The state-school relation
She is the revolutionary at the heart of education's most traditional club: the first woman and first former state-school head to lead the most venerable society of boys' private schools in 130 years.
But then Priscilla Chadwick, new chair of the Headmasters' and Headmistresses' Conference, has never been frightened of ruffling a few feathers. One of the proudest moments of her 35-year career was in the early 1990s when, as the head of Bishop Ramsey comprehensive, London, she tackled Michael Fallon, the former Tory education minister, over her appalling school buildings.
Mr Fallon had reluctantly accepted an invitation to tour the school after a series of angry letters from the head. The boys' showers had been closed for two years because of an infestation of rats, the lower school had been evacuated after wiring was deemed unsafe and the gym was condemned and about to collapse.
"I was livid, I just couldn't take it anymore, something had to be done," says Dr Chadwick. "I was told that Michael Fallon would not be able to promise us any money but I just put him on the spot."
The Government agreed to fund a complete pound;4.5 million refurbishment of the school. Today, sitting in the salubrious surroundings of the Pounds 12,000-a-year Berkhamsted Collegiate school, Hertfordshire, where she is principal, Dr Chadwick could not be further from the rat-plagued London state school.
Her arrival at Berkhamsted, whose old boys include Graham Greene (Greene's father was a former head), coincided with one of the most controversial periods in its 461-year history as she was charged with merging the separate boys' and girls' schools.
Despite opposition from parents, within three years the prep school and sixth form were mixed, although boys and girls are still separate between the ages of 11 and 16. Dr Chadwick did away with the "ghastly green" girls'
uniform and introduced modern green, navy and black kilts. She rejected the title headmistress - "it is a horribly traditional public school title and was not really fitting in with the way the school was developing", and became Berkhamsted's first principal.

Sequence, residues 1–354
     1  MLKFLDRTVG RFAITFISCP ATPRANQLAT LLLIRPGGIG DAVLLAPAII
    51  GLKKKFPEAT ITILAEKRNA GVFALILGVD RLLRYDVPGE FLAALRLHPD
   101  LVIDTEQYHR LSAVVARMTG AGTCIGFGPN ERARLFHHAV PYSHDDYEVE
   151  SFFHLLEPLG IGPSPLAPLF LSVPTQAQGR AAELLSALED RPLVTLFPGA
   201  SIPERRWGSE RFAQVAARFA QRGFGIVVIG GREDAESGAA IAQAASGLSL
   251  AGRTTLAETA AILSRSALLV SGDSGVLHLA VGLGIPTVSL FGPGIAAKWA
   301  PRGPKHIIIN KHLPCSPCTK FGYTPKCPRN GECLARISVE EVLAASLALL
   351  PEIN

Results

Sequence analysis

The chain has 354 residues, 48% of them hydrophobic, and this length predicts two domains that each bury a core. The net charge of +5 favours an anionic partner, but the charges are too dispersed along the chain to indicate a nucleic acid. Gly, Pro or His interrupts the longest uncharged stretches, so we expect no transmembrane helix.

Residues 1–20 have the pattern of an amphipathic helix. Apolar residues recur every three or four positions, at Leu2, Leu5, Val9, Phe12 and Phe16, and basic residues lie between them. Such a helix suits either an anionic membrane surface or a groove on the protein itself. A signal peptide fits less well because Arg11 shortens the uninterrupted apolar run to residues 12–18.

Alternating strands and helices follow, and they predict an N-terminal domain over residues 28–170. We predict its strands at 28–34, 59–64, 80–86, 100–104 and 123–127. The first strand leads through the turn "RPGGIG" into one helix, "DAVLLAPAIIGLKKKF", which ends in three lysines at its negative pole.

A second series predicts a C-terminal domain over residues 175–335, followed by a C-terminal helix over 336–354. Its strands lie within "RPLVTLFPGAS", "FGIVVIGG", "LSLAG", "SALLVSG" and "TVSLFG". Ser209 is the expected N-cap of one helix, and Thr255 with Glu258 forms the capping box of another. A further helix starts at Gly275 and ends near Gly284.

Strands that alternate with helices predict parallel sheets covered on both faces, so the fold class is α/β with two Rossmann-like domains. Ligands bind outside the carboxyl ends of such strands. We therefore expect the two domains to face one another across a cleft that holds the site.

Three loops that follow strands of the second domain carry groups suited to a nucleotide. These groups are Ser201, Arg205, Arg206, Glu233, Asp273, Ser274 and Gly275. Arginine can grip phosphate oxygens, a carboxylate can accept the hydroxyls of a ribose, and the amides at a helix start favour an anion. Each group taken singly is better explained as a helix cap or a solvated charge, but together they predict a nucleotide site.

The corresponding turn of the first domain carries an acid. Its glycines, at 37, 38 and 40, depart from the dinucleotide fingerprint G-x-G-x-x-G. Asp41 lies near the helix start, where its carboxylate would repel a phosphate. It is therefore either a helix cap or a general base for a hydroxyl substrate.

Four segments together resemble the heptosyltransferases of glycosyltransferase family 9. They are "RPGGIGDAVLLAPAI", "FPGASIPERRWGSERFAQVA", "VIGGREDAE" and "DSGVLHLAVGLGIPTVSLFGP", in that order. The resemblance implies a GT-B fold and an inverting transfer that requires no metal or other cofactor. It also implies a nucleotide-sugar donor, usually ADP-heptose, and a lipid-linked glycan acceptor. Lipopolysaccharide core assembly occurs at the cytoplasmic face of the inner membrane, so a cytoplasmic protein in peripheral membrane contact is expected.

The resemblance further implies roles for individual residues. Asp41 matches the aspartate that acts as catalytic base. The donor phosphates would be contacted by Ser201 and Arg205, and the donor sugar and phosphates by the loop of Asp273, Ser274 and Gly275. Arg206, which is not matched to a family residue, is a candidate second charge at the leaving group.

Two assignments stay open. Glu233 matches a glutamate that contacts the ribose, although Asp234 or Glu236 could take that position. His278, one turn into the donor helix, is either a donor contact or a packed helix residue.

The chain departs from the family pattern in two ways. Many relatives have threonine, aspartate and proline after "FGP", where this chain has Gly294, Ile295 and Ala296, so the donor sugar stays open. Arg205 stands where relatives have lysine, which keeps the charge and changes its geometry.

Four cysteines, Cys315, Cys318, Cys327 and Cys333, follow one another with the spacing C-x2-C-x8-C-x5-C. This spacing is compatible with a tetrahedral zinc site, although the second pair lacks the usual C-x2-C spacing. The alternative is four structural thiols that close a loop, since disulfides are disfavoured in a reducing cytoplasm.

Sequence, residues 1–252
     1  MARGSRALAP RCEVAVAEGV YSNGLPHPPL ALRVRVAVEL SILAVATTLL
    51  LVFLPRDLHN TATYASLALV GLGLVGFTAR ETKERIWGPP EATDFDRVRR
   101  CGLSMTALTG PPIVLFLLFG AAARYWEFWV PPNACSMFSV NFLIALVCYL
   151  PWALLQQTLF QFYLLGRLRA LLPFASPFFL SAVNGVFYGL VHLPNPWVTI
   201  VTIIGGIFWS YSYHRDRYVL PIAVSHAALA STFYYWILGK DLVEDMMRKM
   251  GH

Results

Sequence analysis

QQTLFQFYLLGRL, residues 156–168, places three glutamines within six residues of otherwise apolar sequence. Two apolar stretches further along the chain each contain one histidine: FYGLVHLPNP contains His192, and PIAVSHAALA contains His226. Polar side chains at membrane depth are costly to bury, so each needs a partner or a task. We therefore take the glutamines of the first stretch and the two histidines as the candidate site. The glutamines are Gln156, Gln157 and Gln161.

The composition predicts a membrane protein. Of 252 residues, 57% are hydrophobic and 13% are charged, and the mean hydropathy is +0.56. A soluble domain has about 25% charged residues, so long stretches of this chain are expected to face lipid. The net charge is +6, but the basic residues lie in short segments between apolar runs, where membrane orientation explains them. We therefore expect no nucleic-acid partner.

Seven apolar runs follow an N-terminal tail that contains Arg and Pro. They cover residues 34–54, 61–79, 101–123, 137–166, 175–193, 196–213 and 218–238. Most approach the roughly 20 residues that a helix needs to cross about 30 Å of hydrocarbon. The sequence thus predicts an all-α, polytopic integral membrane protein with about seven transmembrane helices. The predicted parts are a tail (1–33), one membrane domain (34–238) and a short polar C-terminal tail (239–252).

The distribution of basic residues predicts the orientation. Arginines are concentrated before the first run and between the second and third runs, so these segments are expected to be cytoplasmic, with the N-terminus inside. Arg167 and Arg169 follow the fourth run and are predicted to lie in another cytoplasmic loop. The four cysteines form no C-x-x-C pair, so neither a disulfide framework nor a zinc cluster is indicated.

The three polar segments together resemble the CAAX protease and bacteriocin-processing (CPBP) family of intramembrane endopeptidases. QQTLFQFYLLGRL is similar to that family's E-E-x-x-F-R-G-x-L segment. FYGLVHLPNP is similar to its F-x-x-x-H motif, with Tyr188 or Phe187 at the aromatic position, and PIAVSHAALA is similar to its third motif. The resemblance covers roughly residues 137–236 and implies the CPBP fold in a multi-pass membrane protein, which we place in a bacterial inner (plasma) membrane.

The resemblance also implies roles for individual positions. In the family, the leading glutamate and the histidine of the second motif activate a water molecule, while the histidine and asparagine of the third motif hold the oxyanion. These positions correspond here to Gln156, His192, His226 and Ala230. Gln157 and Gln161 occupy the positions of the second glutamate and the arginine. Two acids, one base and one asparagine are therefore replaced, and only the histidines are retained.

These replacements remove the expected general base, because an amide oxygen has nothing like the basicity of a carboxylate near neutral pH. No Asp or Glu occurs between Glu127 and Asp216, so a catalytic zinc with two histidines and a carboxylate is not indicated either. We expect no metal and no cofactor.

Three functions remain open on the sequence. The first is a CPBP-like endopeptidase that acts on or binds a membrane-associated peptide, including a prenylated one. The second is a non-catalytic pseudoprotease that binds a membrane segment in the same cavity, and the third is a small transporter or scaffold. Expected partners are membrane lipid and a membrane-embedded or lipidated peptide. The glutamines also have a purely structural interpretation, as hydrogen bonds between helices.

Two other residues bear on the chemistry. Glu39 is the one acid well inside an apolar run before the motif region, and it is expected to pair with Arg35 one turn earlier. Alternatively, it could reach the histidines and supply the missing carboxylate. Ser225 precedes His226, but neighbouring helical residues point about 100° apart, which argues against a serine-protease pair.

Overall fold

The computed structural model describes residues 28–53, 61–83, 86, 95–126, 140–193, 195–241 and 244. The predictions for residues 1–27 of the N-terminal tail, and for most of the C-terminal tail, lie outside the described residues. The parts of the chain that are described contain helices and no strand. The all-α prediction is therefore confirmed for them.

Cambridge-educated Dr Chadwick was dean of educational development at South Bank university for five years between her headships at Bishop Ramsey and Berkhamsted. She is a fellow of the Royal Society of Arts and chaired an advisory committee for the BBC on children's television.
The organisation, which represents 240 heads of all-boys and mixed schools, only admitted its first woman member in 1994. It now has six women members in the UK. But how is the club, which lists Eton and Harrow among its most famous members, taking to having a woman at the helm?
"I have not experienced any animosity, and would not expect to," she said.
"The fact that I am a former state-school head is, for me, more important than the gender issue. At a time when the two sectors are increasingly co-operating, I think my experience of both is quite invaluable."
The Charities Bill, which will force private schools to prove their "public benefit", is likely to be a main focus of her year, plus the possible merger of HMC and the Girls' Schools Association (the timing, says Dr Chadwick, is nothing to do with her). She has rejected the Government's proposal that private schools should sponsor academies, although she insists the relationship between HMC and No 10 has never been better.
"Compared to previous governments, this Labour administration sees the independent sector increasingly as a partner, rather than a competitor.
There is a lot we can share, although we will have to be careful to retain our independence - that is the message I will be carrying through throughout 2005."